I have said all along that Brexit was not primarily about the EU but about a wider democratic correction in the UK that re-balances power away from an establishment elite* and back to the voters. This year the BBC, in a rare act of political prescience, featured Reith lectures by Lord Sumption covering the effects of State capture by this political elite on the relationship between law and democracy. Gray's focus is the way in which the Conservative Party has reacted and changed, as it has throughout its history, to ensure it comes through intact. The same cannot be said of parties embracing the haute-remainer cause.

Gray's essay is too crammed with succinct and tight analysis to usefully select any single paragraph to quote summation, so here then, as a sample of the essay rather than a precis, is just one -
The haute-Remainer mind is an example of what the 20th century’s subtlest and most original conservative philosopher called political rationalism. Michael Oakeshott (1901-90) used the term to describe totalitarian ideologies such as Leninism and National Socialism, but he was clear that any kind of political tradition could succumb to rationalist ideology – including conservatism. (His own version of conservatism – an ultra-liberal variety, in which the ideal role of the state was that of an umpire – itself did.) The core of rationalism in politics is an idea of politics itself. Rather than being a practice in which people negotiate the terms on which they co-exist with one another, politics means the imposition of an idea. The idea is self-evidently true; anyone who questions it is ignorant and stupid, or else wilfully malignant. Though they claim to embody reason in politics, haute-Remainers cling to a view of the EU in which facts are secondary or irrelevant. They fulminate on the dangers of Brexit without ever mentioning that Paris has been convulsed by riots while Barcelona has become the scene of mass demonstration, burning streets and police violence. No mere fact can be allowed to cloud the vision of a sacred institution.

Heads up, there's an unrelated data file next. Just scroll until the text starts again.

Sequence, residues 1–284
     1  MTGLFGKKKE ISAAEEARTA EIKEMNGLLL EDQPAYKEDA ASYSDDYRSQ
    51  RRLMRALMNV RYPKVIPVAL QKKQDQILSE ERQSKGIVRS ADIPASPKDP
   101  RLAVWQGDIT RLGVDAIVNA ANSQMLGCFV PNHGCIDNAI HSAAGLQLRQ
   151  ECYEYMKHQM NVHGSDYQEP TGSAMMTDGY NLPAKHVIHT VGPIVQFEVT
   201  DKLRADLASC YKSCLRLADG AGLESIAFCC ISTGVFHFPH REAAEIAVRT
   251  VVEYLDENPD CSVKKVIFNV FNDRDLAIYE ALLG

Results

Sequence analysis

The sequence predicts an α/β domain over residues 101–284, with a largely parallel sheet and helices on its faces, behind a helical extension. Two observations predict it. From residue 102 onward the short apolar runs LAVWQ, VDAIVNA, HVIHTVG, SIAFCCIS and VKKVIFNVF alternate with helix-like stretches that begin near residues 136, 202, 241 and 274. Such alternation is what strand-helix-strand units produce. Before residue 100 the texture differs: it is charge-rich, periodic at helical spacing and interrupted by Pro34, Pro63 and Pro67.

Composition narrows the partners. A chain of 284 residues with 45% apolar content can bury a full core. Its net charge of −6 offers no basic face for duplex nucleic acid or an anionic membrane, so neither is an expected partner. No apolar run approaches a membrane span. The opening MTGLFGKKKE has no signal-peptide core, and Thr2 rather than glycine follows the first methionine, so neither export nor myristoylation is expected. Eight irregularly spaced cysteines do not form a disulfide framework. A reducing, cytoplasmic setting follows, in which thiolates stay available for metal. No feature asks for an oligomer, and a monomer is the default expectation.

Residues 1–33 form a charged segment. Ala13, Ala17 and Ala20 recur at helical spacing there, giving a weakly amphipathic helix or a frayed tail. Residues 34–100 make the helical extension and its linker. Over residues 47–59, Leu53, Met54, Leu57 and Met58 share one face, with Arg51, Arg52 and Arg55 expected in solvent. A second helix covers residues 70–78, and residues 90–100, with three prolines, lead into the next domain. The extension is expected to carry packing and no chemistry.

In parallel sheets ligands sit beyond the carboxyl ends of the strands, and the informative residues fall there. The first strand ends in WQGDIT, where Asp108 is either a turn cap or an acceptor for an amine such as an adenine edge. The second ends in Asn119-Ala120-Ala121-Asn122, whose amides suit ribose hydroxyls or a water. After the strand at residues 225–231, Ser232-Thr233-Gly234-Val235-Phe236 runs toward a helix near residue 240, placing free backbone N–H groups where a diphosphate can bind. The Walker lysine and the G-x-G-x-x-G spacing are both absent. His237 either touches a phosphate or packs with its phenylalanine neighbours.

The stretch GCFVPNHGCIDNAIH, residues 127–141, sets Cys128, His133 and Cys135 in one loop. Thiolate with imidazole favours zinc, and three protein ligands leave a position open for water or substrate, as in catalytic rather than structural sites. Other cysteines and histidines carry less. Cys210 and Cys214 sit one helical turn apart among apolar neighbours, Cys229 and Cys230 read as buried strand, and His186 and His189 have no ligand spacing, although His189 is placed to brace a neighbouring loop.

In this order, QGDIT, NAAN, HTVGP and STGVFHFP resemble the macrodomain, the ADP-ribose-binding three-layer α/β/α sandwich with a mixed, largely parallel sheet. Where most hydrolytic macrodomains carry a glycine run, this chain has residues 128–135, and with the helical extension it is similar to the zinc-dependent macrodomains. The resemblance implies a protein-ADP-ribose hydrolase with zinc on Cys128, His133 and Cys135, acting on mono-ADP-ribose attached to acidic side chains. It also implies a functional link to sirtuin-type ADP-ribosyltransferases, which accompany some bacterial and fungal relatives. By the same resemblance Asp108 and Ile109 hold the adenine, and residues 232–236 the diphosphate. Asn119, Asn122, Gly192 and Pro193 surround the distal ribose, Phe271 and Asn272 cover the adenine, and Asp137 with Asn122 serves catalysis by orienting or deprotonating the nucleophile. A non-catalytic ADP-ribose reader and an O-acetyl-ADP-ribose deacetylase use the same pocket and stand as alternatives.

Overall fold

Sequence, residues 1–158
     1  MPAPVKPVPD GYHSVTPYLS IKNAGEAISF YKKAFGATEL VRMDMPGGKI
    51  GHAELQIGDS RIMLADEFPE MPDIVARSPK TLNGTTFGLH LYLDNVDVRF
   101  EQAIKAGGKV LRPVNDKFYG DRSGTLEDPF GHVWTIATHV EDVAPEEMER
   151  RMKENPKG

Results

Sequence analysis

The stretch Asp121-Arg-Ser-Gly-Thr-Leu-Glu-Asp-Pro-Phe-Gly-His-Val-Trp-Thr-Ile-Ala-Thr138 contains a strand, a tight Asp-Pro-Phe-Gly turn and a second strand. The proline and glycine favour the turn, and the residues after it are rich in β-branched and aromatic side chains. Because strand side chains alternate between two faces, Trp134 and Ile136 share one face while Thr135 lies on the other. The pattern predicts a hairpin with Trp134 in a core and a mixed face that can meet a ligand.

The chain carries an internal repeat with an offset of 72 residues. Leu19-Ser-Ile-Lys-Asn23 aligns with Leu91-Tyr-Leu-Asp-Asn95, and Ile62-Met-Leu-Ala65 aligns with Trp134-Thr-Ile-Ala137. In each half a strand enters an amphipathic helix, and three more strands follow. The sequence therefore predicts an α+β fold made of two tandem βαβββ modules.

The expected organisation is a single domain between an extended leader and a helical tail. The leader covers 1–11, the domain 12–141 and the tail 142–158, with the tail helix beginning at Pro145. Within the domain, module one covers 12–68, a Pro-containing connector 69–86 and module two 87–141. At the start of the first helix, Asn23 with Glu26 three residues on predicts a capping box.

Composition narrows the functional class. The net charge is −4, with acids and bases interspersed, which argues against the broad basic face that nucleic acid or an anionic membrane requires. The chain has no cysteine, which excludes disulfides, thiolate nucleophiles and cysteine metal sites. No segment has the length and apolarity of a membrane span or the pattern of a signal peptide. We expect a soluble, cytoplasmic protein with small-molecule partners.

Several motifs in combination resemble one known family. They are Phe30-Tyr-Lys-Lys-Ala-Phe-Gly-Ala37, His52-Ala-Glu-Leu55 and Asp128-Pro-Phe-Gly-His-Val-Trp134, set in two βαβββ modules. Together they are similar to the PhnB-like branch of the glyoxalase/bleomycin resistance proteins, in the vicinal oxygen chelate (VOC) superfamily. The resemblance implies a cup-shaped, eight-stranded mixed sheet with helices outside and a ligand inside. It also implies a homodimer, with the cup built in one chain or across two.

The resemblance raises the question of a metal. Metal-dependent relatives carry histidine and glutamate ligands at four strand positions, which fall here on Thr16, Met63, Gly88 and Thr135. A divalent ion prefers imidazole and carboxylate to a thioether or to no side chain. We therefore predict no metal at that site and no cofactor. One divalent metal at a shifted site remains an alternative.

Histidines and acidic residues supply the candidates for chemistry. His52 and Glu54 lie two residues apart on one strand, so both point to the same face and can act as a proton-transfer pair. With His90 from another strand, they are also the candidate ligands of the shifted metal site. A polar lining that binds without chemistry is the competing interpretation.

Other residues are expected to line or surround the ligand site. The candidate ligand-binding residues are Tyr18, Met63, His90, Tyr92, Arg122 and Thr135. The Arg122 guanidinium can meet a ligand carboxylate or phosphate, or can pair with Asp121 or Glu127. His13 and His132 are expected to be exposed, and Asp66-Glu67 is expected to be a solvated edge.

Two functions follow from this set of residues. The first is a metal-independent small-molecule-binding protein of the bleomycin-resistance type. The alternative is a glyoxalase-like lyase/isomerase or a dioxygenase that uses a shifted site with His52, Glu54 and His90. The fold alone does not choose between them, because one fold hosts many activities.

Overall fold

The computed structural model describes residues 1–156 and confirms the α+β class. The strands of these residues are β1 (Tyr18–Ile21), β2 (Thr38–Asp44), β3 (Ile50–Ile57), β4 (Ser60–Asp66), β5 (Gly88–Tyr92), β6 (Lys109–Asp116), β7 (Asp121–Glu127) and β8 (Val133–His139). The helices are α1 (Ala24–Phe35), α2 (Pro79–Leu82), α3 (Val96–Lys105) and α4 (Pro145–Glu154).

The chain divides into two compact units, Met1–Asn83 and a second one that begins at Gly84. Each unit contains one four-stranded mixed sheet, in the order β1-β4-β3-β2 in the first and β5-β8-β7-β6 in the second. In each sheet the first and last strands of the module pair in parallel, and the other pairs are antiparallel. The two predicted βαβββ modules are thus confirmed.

Let's see what the day brings.  

* E.g, at random, from 8/4/2010, and in many scores of posts before and after ..

"The Downfall of the Political Class
The public have been way ahead of the moribund old parties on this; we've been sick of the loathsome political class for some time. This hasn't stopped either party from fielding blow-in dags who have no experience other than politics or political organising for seats in the next Parliament, but their time too will come."